He is currently an MSNBC contributor, a contributing editor at the Weekly Standard, and the host of the magazine’s Daily Standard podcast. In 2017 he was co-host of the National Public Radio show, “Indivisible,” which originated from WNYC. He is an outspoken critic of the Trump administration and of what he calls the conservative “alternative reality” media.
Sykes has written for The New York Times, The Wall Street Journal, Politico, Newsweek, Time.com, Salon, USA Today, National Review, The Weekly Standard, and other national publications. He has appeared on Meet the Press, the Today Show, ABC, NBC, Fox News, CNN, PBS, and the BBC, and has been profiled on NPR. He has also spoken extensively on university campuses.
Sykes lives in Mequon, WI, with his wife and three dogs. He has three children and two grandchildren.
July 17, 2018
Speaker: ELLEN SWEETS
“THE VOTING BOOTH: BE THERE, OR BE SQUARE”
Ellen Sweets is a journalist formerly with the Denver Post and other newspapers, former Director of the City of St. Louis Civil Rights Enforcement Agency, author of the best-selling Stirring it Up with Molly Ivins and who has been described by one reviewer as “funny, irreverent, dedicated to social causes and a mighty fine cook,” spoke about the current threats to voting rights and their impact on minority communities.
Ellen Sweets grew up in a St. Louis newspaper family. Her father helped found one of the nation's oldest black weekly newspapers, the St. Louis American, now in its 90th year.
In addition to working as a reporter at the St. Louis Post-Dispatch, the Dallas Morning News, the Denver Post, and the Austin American Statesman, she has written for the magazines Edible Austin and Texas Co-Op Power.
Sweets also has edited corporate publications for AT&T, written editorial copy for Neiman-Marcus, and served as executive director of the St. Louis Civil Rights Enforcement Agency. In that position she managed a multi-million-dollar budget and a staff of 40 investigators tasked with tracking compliance with the city’s minority hiring practices.
The last 15 years of her 50-year career were devoted to food writing, for which she was twice nominated for the James Beard Award -- and winning as part of a three-member team. After retiring from the Denver paper she returned to Texas to write a culinary memoir about her 20-year friendship with the late political columnist Molly Ivins. The book, Stirring it up with Molly Ivins (2011), was based on a mutual love of cooking. She is currently writing a book about growing up in a newspaper family -- when not feeding her addiction to Facebook.
July 24, 2018
Speaker: BRYAN CUNNINGHAM
“HOW WORRIED SHOULD I BE?
SEPARATING FACT FROM FEAR ON CYBERSECURITY”
Bryan Cunningham, a former NSA and CIA official and globally recognized expert, spoke on the threats to cybersecurity and what can be done to respond to them.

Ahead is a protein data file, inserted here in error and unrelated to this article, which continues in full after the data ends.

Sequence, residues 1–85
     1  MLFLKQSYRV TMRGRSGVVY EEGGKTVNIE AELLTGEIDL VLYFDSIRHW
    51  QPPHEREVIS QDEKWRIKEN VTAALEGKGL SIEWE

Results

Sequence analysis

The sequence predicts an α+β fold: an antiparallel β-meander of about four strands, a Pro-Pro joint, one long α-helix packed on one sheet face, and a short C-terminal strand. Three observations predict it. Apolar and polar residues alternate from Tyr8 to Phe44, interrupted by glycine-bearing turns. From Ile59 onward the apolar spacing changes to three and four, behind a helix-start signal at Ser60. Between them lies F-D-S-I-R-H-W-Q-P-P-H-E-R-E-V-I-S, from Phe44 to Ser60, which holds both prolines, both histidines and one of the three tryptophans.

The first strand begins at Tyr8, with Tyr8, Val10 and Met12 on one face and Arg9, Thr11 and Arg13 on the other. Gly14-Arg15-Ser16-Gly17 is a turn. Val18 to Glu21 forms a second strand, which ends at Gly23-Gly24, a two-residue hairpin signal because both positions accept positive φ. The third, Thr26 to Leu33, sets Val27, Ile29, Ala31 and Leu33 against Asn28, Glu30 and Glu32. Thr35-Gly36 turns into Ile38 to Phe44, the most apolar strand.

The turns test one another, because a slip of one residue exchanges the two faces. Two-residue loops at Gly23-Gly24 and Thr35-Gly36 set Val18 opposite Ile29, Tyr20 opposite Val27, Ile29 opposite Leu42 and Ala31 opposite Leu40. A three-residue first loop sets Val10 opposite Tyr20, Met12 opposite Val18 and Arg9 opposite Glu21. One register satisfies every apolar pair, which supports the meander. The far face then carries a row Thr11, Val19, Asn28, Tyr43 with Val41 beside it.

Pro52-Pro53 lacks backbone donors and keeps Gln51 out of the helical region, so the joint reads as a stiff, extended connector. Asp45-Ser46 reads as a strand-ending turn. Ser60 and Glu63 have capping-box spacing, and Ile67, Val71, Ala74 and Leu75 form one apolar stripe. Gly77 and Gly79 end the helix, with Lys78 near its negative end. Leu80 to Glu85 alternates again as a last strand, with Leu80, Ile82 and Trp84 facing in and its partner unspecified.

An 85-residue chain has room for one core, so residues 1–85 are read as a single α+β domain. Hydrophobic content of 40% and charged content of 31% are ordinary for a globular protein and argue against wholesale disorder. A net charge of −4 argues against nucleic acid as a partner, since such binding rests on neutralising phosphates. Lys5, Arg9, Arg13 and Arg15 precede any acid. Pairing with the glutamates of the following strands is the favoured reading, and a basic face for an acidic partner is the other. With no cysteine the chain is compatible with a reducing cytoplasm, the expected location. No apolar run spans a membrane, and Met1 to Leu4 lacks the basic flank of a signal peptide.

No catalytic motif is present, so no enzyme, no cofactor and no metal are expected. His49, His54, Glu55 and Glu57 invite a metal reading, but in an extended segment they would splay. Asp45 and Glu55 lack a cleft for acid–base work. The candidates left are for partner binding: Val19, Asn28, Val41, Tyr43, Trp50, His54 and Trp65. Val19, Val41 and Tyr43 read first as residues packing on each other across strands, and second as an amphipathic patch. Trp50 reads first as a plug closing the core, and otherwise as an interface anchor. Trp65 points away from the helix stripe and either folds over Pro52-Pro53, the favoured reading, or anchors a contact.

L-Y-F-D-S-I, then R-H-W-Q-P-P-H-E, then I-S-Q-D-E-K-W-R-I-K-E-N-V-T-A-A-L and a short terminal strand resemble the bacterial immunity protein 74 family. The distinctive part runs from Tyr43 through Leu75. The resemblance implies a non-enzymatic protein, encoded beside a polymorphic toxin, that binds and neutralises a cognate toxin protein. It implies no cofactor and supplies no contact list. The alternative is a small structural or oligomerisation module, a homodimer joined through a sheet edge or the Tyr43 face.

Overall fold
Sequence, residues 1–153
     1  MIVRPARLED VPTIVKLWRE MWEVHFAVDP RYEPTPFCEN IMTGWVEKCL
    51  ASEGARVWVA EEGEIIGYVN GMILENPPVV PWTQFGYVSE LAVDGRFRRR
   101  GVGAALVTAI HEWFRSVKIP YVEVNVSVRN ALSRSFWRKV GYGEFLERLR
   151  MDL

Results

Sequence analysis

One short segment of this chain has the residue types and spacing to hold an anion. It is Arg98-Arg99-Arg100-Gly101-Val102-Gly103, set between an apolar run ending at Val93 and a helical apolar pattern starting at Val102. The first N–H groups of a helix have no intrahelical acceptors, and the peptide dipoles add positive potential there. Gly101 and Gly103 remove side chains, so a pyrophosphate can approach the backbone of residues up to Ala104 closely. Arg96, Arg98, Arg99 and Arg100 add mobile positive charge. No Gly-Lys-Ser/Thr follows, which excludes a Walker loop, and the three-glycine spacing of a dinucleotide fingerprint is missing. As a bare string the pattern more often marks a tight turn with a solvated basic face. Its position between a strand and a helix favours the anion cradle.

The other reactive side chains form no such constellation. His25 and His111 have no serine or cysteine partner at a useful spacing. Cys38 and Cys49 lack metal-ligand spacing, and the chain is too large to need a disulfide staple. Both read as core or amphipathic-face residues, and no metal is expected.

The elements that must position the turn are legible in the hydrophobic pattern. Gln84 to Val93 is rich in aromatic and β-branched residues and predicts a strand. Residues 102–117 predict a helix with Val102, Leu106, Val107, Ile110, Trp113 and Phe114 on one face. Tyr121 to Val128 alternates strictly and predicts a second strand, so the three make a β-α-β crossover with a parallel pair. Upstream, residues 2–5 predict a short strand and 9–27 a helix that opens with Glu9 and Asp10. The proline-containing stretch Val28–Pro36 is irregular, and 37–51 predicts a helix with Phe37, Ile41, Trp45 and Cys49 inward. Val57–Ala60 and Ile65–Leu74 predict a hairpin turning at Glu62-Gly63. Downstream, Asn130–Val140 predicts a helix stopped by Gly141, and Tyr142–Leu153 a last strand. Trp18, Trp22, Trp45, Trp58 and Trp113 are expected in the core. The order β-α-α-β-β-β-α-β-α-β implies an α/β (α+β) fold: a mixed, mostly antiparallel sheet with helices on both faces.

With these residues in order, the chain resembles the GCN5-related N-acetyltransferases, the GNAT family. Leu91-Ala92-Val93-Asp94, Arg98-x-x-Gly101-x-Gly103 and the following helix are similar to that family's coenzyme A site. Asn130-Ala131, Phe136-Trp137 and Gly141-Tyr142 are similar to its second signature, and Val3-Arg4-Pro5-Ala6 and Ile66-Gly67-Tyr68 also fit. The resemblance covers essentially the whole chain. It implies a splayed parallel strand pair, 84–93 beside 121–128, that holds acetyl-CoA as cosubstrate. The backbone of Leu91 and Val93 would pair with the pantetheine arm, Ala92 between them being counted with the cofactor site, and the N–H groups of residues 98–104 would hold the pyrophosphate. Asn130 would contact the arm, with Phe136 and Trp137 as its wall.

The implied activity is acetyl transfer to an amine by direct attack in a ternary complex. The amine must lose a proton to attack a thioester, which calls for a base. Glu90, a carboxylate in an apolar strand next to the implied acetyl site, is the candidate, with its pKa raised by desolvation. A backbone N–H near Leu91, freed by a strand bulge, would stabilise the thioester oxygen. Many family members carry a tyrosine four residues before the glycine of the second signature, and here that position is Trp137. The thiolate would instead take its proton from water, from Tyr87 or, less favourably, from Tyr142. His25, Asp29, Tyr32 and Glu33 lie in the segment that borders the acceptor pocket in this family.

As the first executive director of the University of California-Irvine’s multidisciplinary Cybersecurity Policy & Research Institute, Cunningham is a leading international expert on cybersecurity law and policy, a former White House lawyer and advisor and a media commentator on cybersecurity.
Cunningham has extensive experience in senior US government intelligence and law- enforcement positions. During the George W. Bush administration he served as deputy legal advisor to then-National Security Advisor Condoleezza Rice. He also served six years in the Clinton administration as a senior CIA officer and federal prosecutor. He drafted significant portions of the Homeland Security Act and related legislation, helping shepherd them through Congress. He was a principal contributor to the first National Strategy to Secure Cyberspace, worked closely with the 9/11 Commission, and provided legal advice to the President and other senior government officials on intelligence, terrorism, cyber security, and related matters.
Cunningham is a founding partner of Cunningham Levy Muse, a law firm based in Washington, DC, and Los Angeles. His law practice has included assisting Fortune 500 and multinational companies to comply with legal regulations under US federal law, myriad state laws and the numerous specific requirements in the European Union and other overseas jurisdictions. He was founding vice-chair of the American Bar Association Cyber Security Privacy Task Force and was awarded the National Intelligence Medal of Achievement for his work on information issues. Cunningham has served on the National Academy of Sciences Committee on Biodefense Analysis and is the principal author of legal and ethics chapters in several cybersecurity textbooks.
July 31, 2018
Speaker: JON BAILEY
“FROM SHOW BOAT TO HAMILTON:
THE AMERICAN MUSICAL AS SOCIAL DOCUMENT”